phrasing as her voice is heard above the orchestra. Yet these warnings, and
those of Kurwenal, remain unheeded as King Marke enters together with Melot at
the start of the third scene. Marke’s disbelief now shifts to a
recitation of Tristan’s betrayal, as he finds his queen and his
friendship for Tristan thus compromised. Stephen Milling’s Marke is a
wonder of vocal delivery. His expressive bass emits a depth of feeling which
causes all those accused to look away in shame. The dignity of meaning
projected by Milling into the monologue of Marke is emphasized by his diction
and the arching structure given to individual lines. Yet the love of Tristan
and Isolde transcends the censure of the court, and Isolde agrees to follow
Tristan into exile. Only an attack by Melot, and his wounding of Tristan at the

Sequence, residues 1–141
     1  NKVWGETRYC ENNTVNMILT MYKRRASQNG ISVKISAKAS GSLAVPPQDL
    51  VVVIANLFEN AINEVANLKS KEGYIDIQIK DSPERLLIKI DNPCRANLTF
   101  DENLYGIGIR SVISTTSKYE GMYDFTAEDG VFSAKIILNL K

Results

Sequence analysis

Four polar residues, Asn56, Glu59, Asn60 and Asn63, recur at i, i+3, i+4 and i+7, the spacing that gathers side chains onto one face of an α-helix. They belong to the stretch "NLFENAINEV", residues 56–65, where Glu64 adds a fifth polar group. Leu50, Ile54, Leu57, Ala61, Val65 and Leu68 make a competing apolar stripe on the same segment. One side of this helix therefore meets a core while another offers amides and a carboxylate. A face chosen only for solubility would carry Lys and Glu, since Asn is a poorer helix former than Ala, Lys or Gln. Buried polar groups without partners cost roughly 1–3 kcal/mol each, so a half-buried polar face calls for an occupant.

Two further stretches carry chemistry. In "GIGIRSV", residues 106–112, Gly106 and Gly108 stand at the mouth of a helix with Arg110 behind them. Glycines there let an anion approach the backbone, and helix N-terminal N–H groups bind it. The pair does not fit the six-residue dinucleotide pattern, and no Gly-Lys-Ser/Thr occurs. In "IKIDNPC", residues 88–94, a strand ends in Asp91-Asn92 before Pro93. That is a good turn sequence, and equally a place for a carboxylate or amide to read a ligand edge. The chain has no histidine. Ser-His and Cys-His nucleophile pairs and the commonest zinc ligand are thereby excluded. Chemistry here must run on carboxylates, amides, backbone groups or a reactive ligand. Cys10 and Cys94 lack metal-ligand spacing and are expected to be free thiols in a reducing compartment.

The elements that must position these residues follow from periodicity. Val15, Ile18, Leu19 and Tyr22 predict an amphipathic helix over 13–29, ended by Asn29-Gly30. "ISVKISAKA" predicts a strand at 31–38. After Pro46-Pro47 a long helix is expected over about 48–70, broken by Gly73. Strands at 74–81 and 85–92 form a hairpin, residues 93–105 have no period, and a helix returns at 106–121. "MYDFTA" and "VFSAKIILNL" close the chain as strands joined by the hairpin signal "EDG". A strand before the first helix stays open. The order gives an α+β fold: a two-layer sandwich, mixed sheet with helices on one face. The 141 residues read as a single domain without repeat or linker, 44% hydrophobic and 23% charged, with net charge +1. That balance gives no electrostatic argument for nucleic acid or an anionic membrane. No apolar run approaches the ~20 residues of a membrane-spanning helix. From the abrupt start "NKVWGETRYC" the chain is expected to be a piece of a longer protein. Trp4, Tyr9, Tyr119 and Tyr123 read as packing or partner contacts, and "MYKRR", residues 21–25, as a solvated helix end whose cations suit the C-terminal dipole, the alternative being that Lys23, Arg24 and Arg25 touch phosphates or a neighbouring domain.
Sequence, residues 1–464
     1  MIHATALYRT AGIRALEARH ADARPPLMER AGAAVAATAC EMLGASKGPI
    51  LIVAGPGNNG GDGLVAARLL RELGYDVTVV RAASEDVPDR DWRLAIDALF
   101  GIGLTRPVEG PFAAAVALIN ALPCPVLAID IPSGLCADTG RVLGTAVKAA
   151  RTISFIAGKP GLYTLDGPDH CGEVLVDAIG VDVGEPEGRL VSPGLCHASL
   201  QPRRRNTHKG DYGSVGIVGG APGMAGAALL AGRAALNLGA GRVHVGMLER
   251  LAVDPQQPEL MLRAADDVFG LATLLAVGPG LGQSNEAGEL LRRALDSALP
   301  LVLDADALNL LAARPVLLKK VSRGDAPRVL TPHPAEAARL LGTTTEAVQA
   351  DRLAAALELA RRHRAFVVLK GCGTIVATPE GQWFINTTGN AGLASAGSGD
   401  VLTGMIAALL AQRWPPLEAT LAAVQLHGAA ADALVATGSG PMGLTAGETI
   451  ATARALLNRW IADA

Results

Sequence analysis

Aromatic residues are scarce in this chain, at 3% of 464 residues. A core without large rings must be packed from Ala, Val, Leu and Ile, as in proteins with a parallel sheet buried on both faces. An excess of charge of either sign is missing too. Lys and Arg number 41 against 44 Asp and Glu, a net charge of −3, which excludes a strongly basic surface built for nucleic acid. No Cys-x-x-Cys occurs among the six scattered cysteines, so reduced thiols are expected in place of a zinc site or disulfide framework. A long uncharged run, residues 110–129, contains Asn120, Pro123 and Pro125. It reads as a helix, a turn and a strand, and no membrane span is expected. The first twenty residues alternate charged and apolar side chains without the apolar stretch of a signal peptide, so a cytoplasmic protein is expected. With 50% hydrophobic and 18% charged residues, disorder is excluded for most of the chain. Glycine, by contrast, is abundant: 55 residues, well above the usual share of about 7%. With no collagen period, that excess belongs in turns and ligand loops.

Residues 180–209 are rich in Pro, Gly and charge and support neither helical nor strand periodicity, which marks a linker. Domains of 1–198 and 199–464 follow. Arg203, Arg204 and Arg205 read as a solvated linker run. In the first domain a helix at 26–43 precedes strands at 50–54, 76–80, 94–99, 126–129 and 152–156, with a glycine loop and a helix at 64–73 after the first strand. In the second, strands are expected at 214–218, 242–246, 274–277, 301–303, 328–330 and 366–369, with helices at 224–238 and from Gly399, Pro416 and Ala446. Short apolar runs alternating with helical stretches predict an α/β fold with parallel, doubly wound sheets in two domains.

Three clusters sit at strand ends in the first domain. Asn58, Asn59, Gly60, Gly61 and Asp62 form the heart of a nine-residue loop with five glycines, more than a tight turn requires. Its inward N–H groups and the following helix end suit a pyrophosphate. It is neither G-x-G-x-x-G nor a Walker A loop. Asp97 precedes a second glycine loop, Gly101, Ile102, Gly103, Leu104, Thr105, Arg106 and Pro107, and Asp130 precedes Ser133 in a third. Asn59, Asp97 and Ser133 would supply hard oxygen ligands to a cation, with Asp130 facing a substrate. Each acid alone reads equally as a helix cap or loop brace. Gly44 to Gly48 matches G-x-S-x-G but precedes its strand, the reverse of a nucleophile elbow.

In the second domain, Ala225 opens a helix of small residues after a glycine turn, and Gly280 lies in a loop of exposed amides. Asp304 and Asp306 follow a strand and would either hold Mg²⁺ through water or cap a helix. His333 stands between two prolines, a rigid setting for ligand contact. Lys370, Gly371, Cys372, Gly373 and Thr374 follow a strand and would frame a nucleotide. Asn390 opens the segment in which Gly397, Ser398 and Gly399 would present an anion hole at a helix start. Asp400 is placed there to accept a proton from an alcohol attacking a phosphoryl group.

close of the act, prevent the ecstatic love from continuing its uninterrupted
In the final act sadness and longing pervade the two major parts. In the
first of these Tristan, sickened by his wounds, reflects on the course of
events, on his shattered loyalties to Marke, and his unending desire to be
reunited with Isolde. Mr. Forbis invests his Tristan with a credible pathos,
giving vent to the character’s delirium while retaining the hope that
Isolde will yet appear to share his exile. When the ship from Cornwall does
arrive, and Isolde is allowed to embrace him in love, Tristan dies within
moments. Marke’s presence, the King having journeyed separately with his
entourage, can do nothing to remedy the inevitable path of emotions.
Isolde’s final “Liebestod,” sung by Voigt as one transfigured
through love and prepared for a union only in death, brings full circle the
love so movingly sustained from its earlier narrative start and its
foreshadowing in the overture.